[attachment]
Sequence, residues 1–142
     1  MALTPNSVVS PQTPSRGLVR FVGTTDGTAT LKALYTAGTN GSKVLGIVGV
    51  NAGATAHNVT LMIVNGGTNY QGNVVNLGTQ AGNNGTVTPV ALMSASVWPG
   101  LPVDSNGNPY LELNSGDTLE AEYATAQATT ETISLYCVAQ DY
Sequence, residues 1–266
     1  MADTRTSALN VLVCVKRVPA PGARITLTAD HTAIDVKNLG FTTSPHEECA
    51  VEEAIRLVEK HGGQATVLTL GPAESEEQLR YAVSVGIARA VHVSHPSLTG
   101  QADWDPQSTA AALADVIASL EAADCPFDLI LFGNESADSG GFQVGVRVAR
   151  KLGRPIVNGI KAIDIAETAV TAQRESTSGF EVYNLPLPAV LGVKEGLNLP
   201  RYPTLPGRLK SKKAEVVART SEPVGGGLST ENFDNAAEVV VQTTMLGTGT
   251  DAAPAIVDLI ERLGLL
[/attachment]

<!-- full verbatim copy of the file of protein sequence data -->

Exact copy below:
Sequence, residues 1–142
     1  MALTPNSVVS PQTPSRGLVR FVGTTDGTAT LKALYTAGTN GSKVLGIVGV
    51  NAGATAHNVT LMIVNGGTNY QGNVVNLGTQ AGNNGTVTPV ALMSASVWPG
   101  LPVDSNGNPY LELNSGDTLE AEYATAQATT ETISLYCVAQ DY
Sequence, residues 1–266
     1  MADTRTSALN VLVCVKRVPA PGARITLTAD HTAIDVKNLG FTTSPHEECA
    51  VEEAIRLVEK HGGQATVLTL GPAESEEQLR YAVSVGIARA VHVSHPSLTG
   101  QADWDPQSTA AALADVIASL EAADCPFDLI LFGNESADSG GFQVGVRVAR
   151  KLGRPIVNGI KAIDIAETAV TAQRESTSGF EVYNLPLPAV LGVKEGLNLP
   201  RYPTLPGRLK SKKAEVVART SEPVGGGLST ENFDNAAEVV VQTTMLGTGT
   251  DAAPAIVDLI ERLGLL